Obedience and PTSD

PTSD“Just obey” may cause PTSD reactions. Obedience might be a favorite word and teaching in UBF (and many other churches). I recently realized that it is also a word that causes PTSD reactions from some people who have negative UBF experiences. This is partly because of the unbiblical and authoritarian ways that obedience is taught, communicated and practiced in certain UBF chapters. This is not uncommonly expressed by the imperative statement, “Just obey!” Obedience is also communicated implicitly even without saying, “Just obey.” The implication is that you should obey God as the Bible commands and teaches. But the practical reality is that you should obey what your leader or shepherd tells you…or else…

This is not biblical obedience. An “American shepherd” was introduced to “marry by faith” with a “Korean shepherdess.” But he politely declined. Then he was told without equivocation and in all seriousness, “YOU ARE IN NO POSITION TO SAY ‘NO.’” After that he was told that because of his disobedience he had to leave that UBF chapter. (Does this cause PTSD reactions?) This is not biblical obedience, but teaching obedience to a human person. It tainted and jaded him to some degree. Because of such a humiliating church experience, I began to understand why PTSD reactions happen in some people who have been in UBF.

Why share such negative and discouraging stories. Some UBFers have angrily accused me of being negative, critical and discouraging because I share such stories publicly. But I do so because such “negative” stories are often not welcomed, not in emails or even in private discussion among some senior leaders. Also, there have been no proper official channels for such issues to be seriously addressed (without being pacified or patronized), or for it to be dealt with fairly and promptly. Yes, UBFriends is often messy and it may not be the optimal place to share this. But is there really an optimal place to share this anywhere? My hope is that as such accounts are known more and more in my church, they will happen less and less.

Obedience to the gospel. For the record, I still preach, teach and encourage obedience, but never to me, and never to UBF. Rather, I teach, promote and emphasize (willing, not coerced) obedience primarily in response to the gospel by personally knowing the grace of Jesus and the love of God and the presence of the Holy Spirit.

Faith and Obedience. I had originally intended to write a theological exposé entitled Faith and Obedience. If you are interested to critique it and dialogue about it, I posted it on my blog here. So the above posting sort of just happened randomly!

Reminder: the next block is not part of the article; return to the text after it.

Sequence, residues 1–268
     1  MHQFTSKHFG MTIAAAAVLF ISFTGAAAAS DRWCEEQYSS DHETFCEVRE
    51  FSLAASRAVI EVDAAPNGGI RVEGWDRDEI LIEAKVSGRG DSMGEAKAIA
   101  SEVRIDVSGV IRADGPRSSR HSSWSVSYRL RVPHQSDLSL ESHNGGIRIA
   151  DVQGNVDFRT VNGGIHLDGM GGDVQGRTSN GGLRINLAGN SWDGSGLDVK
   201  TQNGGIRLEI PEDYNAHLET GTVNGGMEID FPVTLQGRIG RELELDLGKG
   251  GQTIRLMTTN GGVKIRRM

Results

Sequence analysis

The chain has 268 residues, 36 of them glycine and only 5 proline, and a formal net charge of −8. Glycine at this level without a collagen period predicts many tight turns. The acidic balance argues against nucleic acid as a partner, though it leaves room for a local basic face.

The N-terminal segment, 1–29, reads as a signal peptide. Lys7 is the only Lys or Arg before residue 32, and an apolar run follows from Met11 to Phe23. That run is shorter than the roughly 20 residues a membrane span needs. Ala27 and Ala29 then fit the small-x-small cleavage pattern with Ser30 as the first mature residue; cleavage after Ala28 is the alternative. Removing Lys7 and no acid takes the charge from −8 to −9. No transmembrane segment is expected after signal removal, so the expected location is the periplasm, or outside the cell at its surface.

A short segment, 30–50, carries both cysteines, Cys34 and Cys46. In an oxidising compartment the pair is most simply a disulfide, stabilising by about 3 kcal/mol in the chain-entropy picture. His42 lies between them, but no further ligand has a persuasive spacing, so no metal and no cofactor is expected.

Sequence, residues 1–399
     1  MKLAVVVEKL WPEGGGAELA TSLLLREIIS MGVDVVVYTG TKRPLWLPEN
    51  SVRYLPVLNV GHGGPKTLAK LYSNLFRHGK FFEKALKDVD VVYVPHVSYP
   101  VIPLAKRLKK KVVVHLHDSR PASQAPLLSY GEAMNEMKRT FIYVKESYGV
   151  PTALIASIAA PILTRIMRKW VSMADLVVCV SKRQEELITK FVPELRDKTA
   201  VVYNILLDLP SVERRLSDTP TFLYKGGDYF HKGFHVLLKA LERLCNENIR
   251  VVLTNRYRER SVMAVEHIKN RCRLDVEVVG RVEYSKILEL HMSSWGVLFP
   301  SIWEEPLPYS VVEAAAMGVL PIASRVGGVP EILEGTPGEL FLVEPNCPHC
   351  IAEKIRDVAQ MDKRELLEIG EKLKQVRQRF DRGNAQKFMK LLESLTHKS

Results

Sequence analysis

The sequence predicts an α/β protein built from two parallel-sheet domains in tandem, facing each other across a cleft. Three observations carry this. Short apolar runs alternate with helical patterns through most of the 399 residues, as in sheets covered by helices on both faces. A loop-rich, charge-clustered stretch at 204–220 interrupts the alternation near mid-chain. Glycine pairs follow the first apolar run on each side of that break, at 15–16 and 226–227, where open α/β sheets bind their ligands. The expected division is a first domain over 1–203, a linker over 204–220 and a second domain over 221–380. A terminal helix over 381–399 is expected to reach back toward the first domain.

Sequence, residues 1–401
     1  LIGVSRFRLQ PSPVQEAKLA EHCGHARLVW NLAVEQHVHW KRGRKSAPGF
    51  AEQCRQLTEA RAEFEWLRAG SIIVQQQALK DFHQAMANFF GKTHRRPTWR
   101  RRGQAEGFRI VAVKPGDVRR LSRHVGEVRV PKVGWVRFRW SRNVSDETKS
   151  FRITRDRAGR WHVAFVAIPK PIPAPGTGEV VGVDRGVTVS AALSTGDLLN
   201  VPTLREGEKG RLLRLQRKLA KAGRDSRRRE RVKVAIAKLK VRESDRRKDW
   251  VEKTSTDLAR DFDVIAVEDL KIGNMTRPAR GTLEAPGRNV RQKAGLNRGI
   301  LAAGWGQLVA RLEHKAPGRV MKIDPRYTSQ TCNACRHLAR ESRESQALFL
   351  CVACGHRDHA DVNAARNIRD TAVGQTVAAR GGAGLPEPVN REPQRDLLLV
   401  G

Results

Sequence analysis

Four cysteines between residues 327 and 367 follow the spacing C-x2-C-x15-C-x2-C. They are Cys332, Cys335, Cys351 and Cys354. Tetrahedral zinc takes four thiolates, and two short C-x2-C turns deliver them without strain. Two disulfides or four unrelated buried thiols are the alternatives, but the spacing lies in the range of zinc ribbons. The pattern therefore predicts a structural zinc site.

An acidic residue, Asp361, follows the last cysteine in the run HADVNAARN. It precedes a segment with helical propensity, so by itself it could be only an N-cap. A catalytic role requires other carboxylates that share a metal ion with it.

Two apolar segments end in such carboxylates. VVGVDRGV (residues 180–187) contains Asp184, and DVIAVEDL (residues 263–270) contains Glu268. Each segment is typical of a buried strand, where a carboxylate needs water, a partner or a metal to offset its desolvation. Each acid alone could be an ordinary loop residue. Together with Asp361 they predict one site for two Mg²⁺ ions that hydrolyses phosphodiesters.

Do you have any obedience stories or PTSD stories to share?


  1. forestsfailyou

    When I bought my plane ticket to the philippines I mentioned to a missionary (not my pastor) that I had bought it without telling my pastor. Her response was “everyone learns obedience eventually”. The statement is wrong in so many ways I am just going to pass on pointing them out and I encourage others too as well. Shooting fish in a barrel is boring. Later an “American shepherd” commented that “the bible speaks of many people who prayed and on God’s time he gave them what they wanted.” Which is by a large margin the worst thing I have ever heard, to set up ubf as God is beyond reprehensible.

    Unlike the man you mentioned, I didn’t really get “punished” or “trained”.

    • forests, that is certainly one way to avoid additional training, to just “pass on pointing them out”. That is what I did for many years, as do almost all ubf people. But does that promote a Christ-like community? Does that help anyone, myself included, grow in our walk with our Lord?

      I say no, it does not. What if your conscience bothers you about such things? Shouldn’t a Christ-like community discuss such theological statements? Shouldn’t we find out what the bible has to say about such statements?

      In my third book, “Unexpected Christianity”, I describe how my conscience drove me to start pointing out and questioning such things. If we cannot live by our own conscience, how can we claim any place in the kingdom of God?

    • forestsfailyou

      To be sure, I don’t look the other way when dealing with this error in reason. What I mean to say is that all the readers here likely see what is wrong with that statement and if they don’t there are probably a dozen article here that I probably cannot improve on. Maybe you can post one as a reply in the event that we have some ghost readers out there.

  2. Ben, I’m hesitant to use the term “PTSD” as you do here in this article. My wife mentioned that PTSD is indeed real, but not what you are describing. You are mentioning more like what we discussed previously as PTCD, post-traumatic church disorder. The trauma that creates PTSD is extreme violence, such as soldiers at war or some violent act involving mutilation or physical harm. We are not talking about such things, for the most part. We are talking about the spiritual/psychological version of PTSD.